This alpaca parade won a world record

Juliaca, Peru - Wandering through the streets of Juliaca in Peru, a 2019 alpaca parade became the largest in history, and for good reason. So, what's the story behind this mother-of-all parade of alpacas?

Alpacas form an incredibly important part of Peruvian culture.
Alpacas form an incredibly important part of Peruvian culture.  © Unsplash/Joakim Honkasalo

Alpacas are a well-loved species, packed full of fluffy fellows so humorous and friendly that they can't help but bring a smile to the faces of most people.

As such happy and positive creatures, it's only natural that the more alpacas fill a space, the better the mood and temperament of whatever the event may be.

This parade in Peru certainly fulfills that criteria, so large it was that it now holds an animal world record. What should you know about the largest alpaca parade in the world, and why? Let's take a look.

Comite Fegasure 2019 was the world's largest parade of alpacas

As confirmed by Guinness World Records, the Comite FEGASUR festival on June 14, 2019, is known to be the largest parade of alpacas ever recorded. The extraordinary event, held in Juliaca, Puno, Peru, saw 1048 alpacas, mostly of the Huacaya and Suri species, march through the streets.

An extraordinary display of alpaca pride, the Feria de Ganadería y Agricultura del Sur was celebrating its 58th year and likely didn't expect to achieve more than just an exciting and entertaining event. By the time the numbers had been counted and the world record achieved, alpacas from all thirteen provinces of Puno had been in participation, and these fluffy fellows had made history.

The parade began with a tribute to the Pachamama, which means "Mother Earth," and was deeply rooted in tradition and a love for these gorgeous animals. People came from all over to see them in all their glory, as well as alpaca farmers who had to travel for hours to arrive at the southern cattle fair.

What makes the whole event all the more impressive is that within just the parade itself, all alpacas had to work a minimum of 0.62 miles while staying within 13 feet of each other at all times. This created a perfect chain of wooly animals winding their way through the streets.

It was a truly impressive feat, with a huge amount of organization needed to navigate the 1048 alpacas through the street without breaking the chain or having any issues - and well worthy of the world record it achieved!

What is the story behind the largest alpaca parade in history?

There are few animals more beloved and humorous than the humble alpaca.
There are few animals more beloved and humorous than the humble alpaca.  © Unsplash/Greg Lippert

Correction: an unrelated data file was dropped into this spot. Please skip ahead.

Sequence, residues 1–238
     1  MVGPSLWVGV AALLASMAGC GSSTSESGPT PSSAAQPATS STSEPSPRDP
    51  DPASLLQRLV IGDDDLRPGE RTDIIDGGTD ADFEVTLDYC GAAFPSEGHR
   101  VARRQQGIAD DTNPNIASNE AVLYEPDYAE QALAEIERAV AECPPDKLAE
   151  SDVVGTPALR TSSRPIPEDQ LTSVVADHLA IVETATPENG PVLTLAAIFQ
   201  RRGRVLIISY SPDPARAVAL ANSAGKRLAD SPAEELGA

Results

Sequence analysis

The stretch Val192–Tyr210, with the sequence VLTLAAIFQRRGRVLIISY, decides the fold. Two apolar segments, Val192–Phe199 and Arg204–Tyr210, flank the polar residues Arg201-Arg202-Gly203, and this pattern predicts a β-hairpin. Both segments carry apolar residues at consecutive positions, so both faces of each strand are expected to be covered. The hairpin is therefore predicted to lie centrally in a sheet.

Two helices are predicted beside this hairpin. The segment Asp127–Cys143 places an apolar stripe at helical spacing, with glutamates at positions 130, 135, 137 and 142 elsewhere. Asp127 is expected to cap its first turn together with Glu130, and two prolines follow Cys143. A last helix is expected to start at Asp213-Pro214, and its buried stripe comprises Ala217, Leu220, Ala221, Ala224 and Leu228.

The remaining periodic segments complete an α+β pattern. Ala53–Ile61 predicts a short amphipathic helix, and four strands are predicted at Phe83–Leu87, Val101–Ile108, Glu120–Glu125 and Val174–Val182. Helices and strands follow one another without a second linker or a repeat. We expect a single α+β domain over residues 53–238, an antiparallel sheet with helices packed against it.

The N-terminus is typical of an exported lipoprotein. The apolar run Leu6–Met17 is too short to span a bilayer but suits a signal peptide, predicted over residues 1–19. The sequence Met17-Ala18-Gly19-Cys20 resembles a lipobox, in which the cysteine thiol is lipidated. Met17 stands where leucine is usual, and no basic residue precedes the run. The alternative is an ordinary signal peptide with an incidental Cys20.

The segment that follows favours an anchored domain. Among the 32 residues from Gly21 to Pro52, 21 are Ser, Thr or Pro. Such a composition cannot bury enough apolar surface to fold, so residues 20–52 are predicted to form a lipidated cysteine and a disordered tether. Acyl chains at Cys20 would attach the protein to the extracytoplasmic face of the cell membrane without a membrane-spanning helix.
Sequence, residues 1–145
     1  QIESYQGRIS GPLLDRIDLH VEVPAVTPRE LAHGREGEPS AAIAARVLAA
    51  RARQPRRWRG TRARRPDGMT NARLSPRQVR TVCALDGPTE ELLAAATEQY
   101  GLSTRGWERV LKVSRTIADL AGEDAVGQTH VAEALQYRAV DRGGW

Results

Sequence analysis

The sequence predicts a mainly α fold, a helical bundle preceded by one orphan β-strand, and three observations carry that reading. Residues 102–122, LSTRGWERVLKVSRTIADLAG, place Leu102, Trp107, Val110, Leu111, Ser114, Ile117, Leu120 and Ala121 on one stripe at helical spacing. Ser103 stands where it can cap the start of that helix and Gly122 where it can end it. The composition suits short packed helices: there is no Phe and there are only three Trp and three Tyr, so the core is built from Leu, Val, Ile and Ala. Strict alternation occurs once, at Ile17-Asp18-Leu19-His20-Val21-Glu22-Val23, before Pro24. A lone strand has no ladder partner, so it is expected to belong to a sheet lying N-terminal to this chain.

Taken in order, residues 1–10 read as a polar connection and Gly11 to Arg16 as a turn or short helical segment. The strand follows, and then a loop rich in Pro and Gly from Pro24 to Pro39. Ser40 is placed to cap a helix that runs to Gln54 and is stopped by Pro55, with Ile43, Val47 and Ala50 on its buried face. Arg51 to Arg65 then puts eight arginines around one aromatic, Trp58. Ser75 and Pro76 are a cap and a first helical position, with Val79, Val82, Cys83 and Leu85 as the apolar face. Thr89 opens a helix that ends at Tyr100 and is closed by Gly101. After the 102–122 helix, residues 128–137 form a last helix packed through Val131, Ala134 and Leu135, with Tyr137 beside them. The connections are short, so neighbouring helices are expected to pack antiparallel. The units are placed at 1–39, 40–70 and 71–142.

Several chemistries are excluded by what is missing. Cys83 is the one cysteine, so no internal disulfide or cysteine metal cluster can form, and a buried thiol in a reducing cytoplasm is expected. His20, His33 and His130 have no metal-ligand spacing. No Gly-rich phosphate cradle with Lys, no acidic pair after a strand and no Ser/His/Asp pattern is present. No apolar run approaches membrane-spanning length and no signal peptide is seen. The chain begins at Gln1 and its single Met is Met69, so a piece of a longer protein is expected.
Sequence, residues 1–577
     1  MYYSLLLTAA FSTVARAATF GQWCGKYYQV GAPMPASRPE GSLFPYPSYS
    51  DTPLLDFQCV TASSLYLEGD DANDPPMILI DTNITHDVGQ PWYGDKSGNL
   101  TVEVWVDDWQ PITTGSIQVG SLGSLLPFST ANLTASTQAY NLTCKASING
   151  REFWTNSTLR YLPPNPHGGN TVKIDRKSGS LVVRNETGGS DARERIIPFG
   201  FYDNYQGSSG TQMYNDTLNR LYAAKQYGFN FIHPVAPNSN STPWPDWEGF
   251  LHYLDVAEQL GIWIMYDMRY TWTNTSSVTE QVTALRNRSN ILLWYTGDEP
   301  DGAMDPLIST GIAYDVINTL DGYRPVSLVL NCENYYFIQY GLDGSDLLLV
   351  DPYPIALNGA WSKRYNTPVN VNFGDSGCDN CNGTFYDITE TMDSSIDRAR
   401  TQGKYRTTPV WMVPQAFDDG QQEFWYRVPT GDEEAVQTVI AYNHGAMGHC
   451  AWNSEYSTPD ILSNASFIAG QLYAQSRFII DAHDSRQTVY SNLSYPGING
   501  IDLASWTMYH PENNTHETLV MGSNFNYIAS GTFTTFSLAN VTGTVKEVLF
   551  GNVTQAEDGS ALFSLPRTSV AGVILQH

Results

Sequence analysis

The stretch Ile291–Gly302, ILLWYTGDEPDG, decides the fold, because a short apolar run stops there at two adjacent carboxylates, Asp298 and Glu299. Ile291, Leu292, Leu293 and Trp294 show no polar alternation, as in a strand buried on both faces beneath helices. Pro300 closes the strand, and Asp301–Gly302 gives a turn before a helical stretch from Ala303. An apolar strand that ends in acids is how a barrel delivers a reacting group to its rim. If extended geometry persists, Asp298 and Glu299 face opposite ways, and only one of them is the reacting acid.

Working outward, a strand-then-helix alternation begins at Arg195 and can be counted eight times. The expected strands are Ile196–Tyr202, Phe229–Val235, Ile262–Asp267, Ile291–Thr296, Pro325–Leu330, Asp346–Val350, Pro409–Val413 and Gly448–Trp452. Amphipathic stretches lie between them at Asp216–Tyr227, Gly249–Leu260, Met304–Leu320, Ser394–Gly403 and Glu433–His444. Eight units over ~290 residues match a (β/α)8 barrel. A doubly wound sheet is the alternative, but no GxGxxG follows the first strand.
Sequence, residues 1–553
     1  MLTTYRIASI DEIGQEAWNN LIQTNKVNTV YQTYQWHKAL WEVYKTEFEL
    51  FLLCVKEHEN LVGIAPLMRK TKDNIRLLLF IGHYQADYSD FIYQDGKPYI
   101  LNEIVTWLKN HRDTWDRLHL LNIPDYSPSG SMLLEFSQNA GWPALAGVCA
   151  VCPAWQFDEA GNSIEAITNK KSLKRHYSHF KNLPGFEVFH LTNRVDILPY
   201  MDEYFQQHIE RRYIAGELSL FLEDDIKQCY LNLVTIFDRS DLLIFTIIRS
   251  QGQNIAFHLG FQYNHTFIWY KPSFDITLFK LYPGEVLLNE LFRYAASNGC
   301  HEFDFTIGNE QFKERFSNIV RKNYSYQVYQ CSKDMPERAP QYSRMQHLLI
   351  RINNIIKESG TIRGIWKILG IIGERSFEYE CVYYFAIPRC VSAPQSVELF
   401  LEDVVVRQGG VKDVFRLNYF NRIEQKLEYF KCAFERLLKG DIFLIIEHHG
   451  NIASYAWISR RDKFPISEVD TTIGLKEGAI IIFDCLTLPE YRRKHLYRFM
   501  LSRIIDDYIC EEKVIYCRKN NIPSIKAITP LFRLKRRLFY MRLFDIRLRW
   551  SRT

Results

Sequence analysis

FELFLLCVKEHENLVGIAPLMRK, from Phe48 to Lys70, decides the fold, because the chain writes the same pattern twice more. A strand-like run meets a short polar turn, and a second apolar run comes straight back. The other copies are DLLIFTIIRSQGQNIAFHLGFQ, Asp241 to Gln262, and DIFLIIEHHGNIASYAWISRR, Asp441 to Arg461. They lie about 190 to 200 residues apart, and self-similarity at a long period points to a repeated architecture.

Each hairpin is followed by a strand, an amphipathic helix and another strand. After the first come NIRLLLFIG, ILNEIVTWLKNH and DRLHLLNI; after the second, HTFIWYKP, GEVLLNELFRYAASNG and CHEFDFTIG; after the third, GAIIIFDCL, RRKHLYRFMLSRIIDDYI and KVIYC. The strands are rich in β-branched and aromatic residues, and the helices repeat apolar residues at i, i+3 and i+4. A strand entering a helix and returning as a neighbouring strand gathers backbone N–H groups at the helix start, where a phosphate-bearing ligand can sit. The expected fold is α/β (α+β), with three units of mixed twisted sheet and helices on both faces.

The southern cattle fair FEGASUR used the record attempt as a way to celebrate something truly remarkable – the 58th anniversary of the recognition that Peru is the biggest and main exporter of alpaca fiber in the entire world. As such, it was only natural to mark the occasion with a giant alpaca-themed world record. Let's be real; who could blame them?

Interestingly, there was already a record that needed to be beaten. Back in 2017, 461 alpacas were paraded through Macusani, another town in Peru. In the 2019 attempt, though, they only used the Huacaya and Suri alpaca breeds. The former is famous for its unique sponge-like fur, which makes it perfect for a variety of materials and fabrics. It is also the most popular and common alpaca.

The Suri alpaca, though, is a rarer breed, with a little under four million animals worldwide, most of which are found in Peru. They are generally bred for the shiny luster of their coat, which is far longer, fluffier, and curlier than their Huacaya cousins. As a result, the parade featured both of the main alpaca species in common use within Peru.

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Alpacas are truly remarkable animals and certainly worthy of many more accolades than they currently possess. With that in mind, it is fantastic to see this extraordinary parade honored with its very own world record.

Alpaca parades will always bring a smile to the face

Few things are more likely to solicit a positive response from someone than the idea of a giant gathering of alpacas. These funny-looking fellows are some of the most beloved animals in the world, particularly in South America. Famous for their fur, which is similar to sheep's wool, these big boys are incredibly useful and provide a hugely important service to the Peruvian economy.

One particularly amusing fact to finish on is that alpacas primarily communicate via their body language. In particular, they are known to spit at you as a sign of dominance or when they are feeling distressed or upset. Weird, right?

Cover photo: Unsplash/Joakim Honkasalo

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